Globe Uncovers Another Scam?

Today’s Globe has a piece well worth reading concerning a no-bid contract between the state and the UMass Medical School.  It illustrates how things are done in the Commonwealth of Massachusetts.  

Well worth reading the whole thing but my eyes focused on the following sections near the end:

One element concerns the highly compensated state bureaucrats running the program:  http://www.boston.com/lifestyl…

State records show that the school’s deputy chancellor for Commonwealth Medicine, Thomas Manning, received $526,000 last year in total compensation, and that Joyce Murphy, vice chancellor and chief operating officer of Commonwealth Medicine, was given $414,854. Six other Commonwealth Medicine executives received in excess of $200,000.

A second element to the story is how the program is used to shuffle the books of the state to make it look like the state spends less on Medicaid.  Of course, this creates no value for the taxpayers.

For the state, the contracting arrangement reduces stress on its budget. Because of federal Medicaid rules, Massachusetts is able to make its Medicaid budget look smaller, even though, in the end, taxpayers see no savings.

Here’s how it works: For every Medicaid-related service the state’s health agency awards to Commonwealth Medicine, it reduces by about 50 percent the amount the Legislature must appropriate for the work and shifts that spending to UMass books.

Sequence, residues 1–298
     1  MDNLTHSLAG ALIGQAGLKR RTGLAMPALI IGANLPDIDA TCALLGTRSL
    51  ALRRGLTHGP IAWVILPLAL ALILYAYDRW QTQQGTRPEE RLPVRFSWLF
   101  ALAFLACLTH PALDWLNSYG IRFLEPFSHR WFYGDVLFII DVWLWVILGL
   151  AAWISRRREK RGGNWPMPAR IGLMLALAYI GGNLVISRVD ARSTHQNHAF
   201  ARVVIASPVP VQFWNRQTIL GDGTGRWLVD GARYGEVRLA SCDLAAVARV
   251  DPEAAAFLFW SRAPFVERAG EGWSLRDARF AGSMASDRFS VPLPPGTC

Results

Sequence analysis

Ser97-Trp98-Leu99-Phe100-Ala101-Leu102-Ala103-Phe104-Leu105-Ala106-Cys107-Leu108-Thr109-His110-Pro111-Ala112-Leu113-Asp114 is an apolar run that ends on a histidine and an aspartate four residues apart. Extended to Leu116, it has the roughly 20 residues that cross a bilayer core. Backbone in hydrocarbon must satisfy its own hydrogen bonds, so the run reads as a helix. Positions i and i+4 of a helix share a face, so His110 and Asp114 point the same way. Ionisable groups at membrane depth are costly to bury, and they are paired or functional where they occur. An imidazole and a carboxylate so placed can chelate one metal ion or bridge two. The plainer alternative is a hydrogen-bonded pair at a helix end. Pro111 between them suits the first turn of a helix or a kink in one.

UMass puts up the rest, and the state’s health agency then seeks federal reimbursement for Commonwealth Medicine’s share of the bill, plus its fees, and forwards that money to Commonwealth Medicine.

Times like this we could have really used a Mary Connaughton

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  • can anyone help establish:  

    1. Whether the Thomas Manning cited in the above article is a relative of the Robert Manning who was the chairman of the UMass Board of Trustees until his recent resignation?

    2. How state pension costs are handled when they do an ISA.  Since the state assumes unrealistic returns on its pension assets and puts away nothing for retiree health benefits, the state deliberately depresses current period benefit costs.  That give the state a built in advantage against a private contractor.  How does that figure in (I bet it doesn’t)?